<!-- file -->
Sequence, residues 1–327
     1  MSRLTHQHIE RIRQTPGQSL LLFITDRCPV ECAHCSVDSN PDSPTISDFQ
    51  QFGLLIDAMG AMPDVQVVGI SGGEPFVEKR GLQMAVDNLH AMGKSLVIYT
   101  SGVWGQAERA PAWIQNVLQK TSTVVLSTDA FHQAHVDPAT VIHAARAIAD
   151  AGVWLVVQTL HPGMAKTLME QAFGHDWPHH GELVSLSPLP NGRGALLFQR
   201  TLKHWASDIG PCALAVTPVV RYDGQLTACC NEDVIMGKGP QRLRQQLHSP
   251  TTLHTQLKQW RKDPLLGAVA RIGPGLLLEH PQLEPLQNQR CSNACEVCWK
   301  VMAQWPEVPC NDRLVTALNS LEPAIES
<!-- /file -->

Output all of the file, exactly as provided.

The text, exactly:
Sequence, residues 1–327
     1  MSRLTHQHIE RIRQTPGQSL LLFITDRCPV ECAHCSVDSN PDSPTISDFQ
    51  QFGLLIDAMG AMPDVQVVGI SGGEPFVEKR GLQMAVDNLH AMGKSLVIYT
   101  SGVWGQAERA PAWIQNVLQK TSTVVLSTDA FHQAHVDPAT VIHAARAIAD
   151  AGVWLVVQTL HPGMAKTLME QAFGHDWPHH GELVSLSPLP NGRGALLFQR
   201  TLKHWASDIG PCALAVTPVV RYDGQLTACC NEDVIMGKGP QRLRQQLHSP
   251  TTLHTQLKQW RKDPLLGAVA RIGPGLLLEH PQLEPLQNQR CSNACEVCWK
   301  VMAQWPEVPC NDRLVTALNS LEPAIES